As in most professions in the entertainment industry, people of color have for too long been underrepresented in animation. When creative careers seem like improbable paths, few attempt them – and that those who do don’t know how to get started. How does one get a job in the field? Do you need to know how to draw? Do you need to have attended a renowned art school? How do you break in when you don’t have any contacts?
To break down some of these questions, Disney’s Latinos in TV Animation panel –a session at NALIP’s recent media summit – brought together four accomplished men and women who found unconventional entry points into animation. Francisco Angones (Co-Producer and Story Editor, DuckTales), Pilar Flynn (Producer, Elena of Avalor), Illya Owens (Lead Editor, Mickey Mouse), Jose Zelaya (Character Designer, Mickey and the Roadster Racers and The Lion Guard), and moderator Silvia Olivas (Co-Executive Producer and Story Editor, Elena of Avalor), work for one of the most celebrated and influential brands in the medium, and doing so they prove that doors are slowly opening.
Owens, who is the winner of four Annie Awards (the highest honor in animation), was a teenage mother when she skipped college and found a way into her dream career; Zelaya escaped war in El Salvador and battled bullying with his skills; Flynn chose to use compassion as her main advantage even when told it was a weakness; and Angones pushed so that his children would grow up with a Latino superhero on screen.
No preexisting route applied to them. Instead each took whatever opportunities were present at the time to carve out a space for Latinos in animation. By sharing their sometimes troubled but always uplifting stories, hopefully they inspire others to follow. TV animation is a big component of children’s education, and to have multicultural voices behind it is imperative for a more inclusive society. Of course, they still have to be fun, and in the highlights below you can see that their sense of humor shines through even in adversity.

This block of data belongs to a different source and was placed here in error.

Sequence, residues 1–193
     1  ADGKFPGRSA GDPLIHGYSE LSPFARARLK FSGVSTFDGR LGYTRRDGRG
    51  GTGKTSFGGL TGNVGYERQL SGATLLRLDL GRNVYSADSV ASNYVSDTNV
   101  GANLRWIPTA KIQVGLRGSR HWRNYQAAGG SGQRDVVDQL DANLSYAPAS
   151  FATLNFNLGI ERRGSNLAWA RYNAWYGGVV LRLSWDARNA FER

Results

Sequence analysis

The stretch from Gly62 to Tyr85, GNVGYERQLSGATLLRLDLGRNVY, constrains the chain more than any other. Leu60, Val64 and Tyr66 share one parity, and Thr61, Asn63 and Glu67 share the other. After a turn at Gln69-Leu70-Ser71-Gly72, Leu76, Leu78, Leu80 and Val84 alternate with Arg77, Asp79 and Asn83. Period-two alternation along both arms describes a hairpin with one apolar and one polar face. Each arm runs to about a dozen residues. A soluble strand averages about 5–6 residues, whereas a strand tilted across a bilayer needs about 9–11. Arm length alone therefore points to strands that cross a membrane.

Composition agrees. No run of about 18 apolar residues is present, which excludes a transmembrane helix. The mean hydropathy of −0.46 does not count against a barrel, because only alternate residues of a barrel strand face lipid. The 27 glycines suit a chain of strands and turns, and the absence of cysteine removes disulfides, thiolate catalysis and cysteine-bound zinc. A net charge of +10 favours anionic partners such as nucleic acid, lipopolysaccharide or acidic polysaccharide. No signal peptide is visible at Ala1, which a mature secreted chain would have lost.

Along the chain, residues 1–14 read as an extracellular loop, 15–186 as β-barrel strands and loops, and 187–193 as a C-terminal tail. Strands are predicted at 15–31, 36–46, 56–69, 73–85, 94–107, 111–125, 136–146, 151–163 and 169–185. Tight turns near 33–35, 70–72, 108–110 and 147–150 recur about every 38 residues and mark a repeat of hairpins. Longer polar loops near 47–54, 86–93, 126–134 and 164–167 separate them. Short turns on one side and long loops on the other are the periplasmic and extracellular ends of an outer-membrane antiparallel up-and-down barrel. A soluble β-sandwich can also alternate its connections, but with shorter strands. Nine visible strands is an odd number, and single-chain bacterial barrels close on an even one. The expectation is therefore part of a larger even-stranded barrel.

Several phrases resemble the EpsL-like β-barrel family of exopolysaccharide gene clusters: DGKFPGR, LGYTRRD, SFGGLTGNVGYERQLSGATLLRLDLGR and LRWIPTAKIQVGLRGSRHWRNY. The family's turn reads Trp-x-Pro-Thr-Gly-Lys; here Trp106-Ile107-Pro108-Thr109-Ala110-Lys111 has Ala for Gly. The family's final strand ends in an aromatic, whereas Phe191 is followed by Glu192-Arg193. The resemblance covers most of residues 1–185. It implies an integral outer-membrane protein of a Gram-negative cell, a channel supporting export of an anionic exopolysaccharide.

Pilar Flynn on How ‘E.T.” Made Her Feel Connected to Other People
The first moment I knew I wanted to be in the industry was when I was 6 years old. I remember – I’m Chilena and Ecuatoriana- it was the first time I’d left Chile. We went to visit some family that lived in England. I’d never been in a movie theater before in my entire life and I remember walking in and seeing the grandiosity of this huge theater, all the people lining up, and I didn’t speak a word of English back then. I remember going in and seeing my first movie ever, “E.T.” Even though I didn’t understand a word of what they were saying, I understood every moment in the story, the emotion, the music, and the special effects.
I remember taking a moment to look around and realizing that all these diverse people from different walks of life were experiencing the same emotion as me. At the end when everybody bawls their eyes out, I was bawling my eyes out too. I remember thinking, “Oh my God, this is so powerful. What a beautiful thing that all these people from different areas that don’t know me at all are experiencing the same thing as me right now.” That was the moment when I thought, “Whatever that is, that’s what I’m going to be when I grow up.”
Pilar Flynn on Turning a Weakness Into a Strength
Something that I think is really embedded in me because I’m Latina is my sense of family. For us Latinos family is everything – our lifeline. When I finally decided to come out here to pursue my dream I had to leave all my family behind on another continent. That was really hard, but I think to survive that I just very naturally fell into making my co-workers and my crew my family. I really see them that way. From the beginning they were just my brothers, sisters, and cousins.
At first as a young PA coordinator I was told that was a weakness. I remember the day my producer and bosses pull me into their offices and told me, “Pilar we have some feedback for you,” and I was like, “What is it?” They were like, “We just want to let you know that you are very smart, you are going to get far here, you work harder than anyone else, you are the last one out, but there is one thing you are going to need to work on. You are not a motherfucker.“ I was like, “What? Is that a bad a thing? I’m so confused?” They said, “ You get too close to the artists.” I remember thinking, “How is that possible? How can you get too close to the artists?” They said, “You got to show them who is boss. You got to get out there and be a jerk.” I was like, “Oh my God, I really want to be a producer. I guess I have to do this.”
I went out there and for one week I tried to be a jerk. That entire week I just felt sick to my stomach. It felt just so unnatural. At the end of that week I thought, “Ok, if that’s what I have to be to be a producer then I can’t do it. That’s not me.” But the second I let that go and I embraced who I was and who I wanted to be, that was when I started getting noticed and that’s when I started getting promoted.
Continue onto Remezcla to read more about these inspiring Latino artists.